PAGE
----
For most services and products we depend on, capitalism works. Extraordinarily well. There's no better solution for encouraging the best possible services, for most things. The communist alternative is centralized control and administration for every aspect of human economy. I'm with Telf, up to the point of advocating any kind of radical, structural change.

For goodness' sake, just imagine being a Fortune 500 executive, and being directly responsible for keeping thousands of your employees motivated, fairly rewarded for their contributions, setting up appropriate internal incentive structures, while maintaining a strategy and organizational structure that's actually effective at producing something -- anything -- that a consumer is interested in purchasing. Or maybe you're responsible for maintaining the very infrastructure of the internet that we're using right now to communicate.

It's not easy, and there's no reason to think that asking the government to do it, with a state-sanctioned monopoly, would somehow magically solve anything at all.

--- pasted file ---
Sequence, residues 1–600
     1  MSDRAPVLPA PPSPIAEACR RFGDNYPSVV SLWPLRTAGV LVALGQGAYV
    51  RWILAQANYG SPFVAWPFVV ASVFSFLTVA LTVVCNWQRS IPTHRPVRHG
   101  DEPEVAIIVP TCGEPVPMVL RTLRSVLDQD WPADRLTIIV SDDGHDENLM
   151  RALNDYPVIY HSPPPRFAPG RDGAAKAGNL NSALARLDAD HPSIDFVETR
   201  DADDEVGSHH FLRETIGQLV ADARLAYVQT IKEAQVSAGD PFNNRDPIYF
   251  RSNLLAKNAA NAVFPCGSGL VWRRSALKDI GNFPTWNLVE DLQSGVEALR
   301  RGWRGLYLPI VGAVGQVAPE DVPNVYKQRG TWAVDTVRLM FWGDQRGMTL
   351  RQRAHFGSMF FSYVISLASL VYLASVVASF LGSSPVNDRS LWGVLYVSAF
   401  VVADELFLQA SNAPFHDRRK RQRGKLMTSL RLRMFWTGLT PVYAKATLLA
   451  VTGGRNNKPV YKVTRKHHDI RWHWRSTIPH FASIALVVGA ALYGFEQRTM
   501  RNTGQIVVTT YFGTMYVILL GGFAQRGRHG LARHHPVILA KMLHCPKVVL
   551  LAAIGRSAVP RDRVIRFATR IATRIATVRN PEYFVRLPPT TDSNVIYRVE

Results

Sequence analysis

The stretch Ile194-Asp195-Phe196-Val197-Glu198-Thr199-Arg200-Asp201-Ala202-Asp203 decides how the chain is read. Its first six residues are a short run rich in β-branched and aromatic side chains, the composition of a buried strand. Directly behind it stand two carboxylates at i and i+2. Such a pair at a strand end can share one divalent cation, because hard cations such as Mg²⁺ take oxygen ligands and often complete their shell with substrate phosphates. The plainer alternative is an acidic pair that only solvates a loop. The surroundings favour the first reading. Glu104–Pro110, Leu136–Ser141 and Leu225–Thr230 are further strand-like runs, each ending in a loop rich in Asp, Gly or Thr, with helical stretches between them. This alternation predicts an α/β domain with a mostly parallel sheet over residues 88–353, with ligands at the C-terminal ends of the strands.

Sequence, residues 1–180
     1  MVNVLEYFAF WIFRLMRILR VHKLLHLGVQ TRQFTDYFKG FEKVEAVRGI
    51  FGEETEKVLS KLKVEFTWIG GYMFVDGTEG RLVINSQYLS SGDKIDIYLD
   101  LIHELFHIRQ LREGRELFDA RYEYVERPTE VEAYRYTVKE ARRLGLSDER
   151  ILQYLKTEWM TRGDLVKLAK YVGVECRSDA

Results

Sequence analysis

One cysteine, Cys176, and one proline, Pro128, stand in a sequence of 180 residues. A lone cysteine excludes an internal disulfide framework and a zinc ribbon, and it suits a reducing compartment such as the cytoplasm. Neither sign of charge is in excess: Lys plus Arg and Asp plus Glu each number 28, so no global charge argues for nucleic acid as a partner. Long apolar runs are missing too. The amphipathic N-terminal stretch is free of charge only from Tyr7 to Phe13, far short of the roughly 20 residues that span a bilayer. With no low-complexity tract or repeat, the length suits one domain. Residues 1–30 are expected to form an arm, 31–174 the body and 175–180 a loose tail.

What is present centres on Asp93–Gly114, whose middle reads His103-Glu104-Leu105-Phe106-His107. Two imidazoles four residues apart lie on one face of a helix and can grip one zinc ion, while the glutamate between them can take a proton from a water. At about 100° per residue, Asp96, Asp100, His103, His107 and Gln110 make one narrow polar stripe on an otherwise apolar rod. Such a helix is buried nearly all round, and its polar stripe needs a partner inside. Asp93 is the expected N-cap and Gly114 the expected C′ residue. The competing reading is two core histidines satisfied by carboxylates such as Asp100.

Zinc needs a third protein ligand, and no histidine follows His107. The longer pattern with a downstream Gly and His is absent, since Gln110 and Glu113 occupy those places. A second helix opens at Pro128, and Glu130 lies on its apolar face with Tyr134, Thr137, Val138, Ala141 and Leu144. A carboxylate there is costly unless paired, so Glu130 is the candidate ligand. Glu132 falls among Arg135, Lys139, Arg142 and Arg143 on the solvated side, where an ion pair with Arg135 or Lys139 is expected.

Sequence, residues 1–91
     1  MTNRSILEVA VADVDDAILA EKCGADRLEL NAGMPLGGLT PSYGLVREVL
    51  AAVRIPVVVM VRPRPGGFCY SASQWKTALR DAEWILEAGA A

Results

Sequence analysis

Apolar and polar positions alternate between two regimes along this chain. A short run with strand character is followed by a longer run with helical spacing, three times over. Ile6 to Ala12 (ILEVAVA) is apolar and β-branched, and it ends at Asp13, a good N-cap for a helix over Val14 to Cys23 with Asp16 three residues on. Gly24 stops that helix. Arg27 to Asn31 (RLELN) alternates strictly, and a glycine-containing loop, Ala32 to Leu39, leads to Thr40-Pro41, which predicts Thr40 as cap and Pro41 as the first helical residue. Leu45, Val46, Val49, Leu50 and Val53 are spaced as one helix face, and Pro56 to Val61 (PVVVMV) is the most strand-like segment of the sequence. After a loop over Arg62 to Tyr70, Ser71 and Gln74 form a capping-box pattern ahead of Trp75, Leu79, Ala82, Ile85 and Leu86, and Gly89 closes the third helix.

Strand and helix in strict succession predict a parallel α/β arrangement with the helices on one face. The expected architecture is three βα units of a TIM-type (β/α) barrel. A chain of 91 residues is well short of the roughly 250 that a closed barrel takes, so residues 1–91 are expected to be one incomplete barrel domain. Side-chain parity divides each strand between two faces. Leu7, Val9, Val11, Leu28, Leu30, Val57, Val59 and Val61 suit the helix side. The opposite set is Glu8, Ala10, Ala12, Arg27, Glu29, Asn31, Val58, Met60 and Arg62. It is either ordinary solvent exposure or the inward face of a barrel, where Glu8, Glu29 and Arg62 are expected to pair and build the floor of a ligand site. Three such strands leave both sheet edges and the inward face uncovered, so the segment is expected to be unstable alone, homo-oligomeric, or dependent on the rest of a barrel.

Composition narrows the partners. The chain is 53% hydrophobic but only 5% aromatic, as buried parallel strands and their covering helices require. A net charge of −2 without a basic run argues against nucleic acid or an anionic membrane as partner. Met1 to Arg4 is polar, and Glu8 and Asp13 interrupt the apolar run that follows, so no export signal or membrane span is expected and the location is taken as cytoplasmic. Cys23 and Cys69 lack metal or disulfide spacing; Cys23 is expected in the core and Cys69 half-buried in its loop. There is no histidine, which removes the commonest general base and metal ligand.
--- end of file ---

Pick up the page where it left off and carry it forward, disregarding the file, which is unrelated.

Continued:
posted by phenylphenol at 1:52 AM on April 27


With respect to the Jamie Dimon congressional video, the man was clearly refusing to answer anything in specific because he obviously doesn't have any context about this person's life situation, past decisions, contribution to the company or society, type of labor, or really anything whatsoever about Katie Porter's subject. And if you're testifying in Congress, it's better to know your facts before you say anything, because the stakes are high!

When I watched that video, I just wondered why the person would have decided to have a child and apparently planned to take on an entry level or unskilled labor job six years later! "This is her first job," said Rep Porter. That sounds absolutely insane -- having your first job in an unskilled entry-level position six years after adopting responsibility for a human life.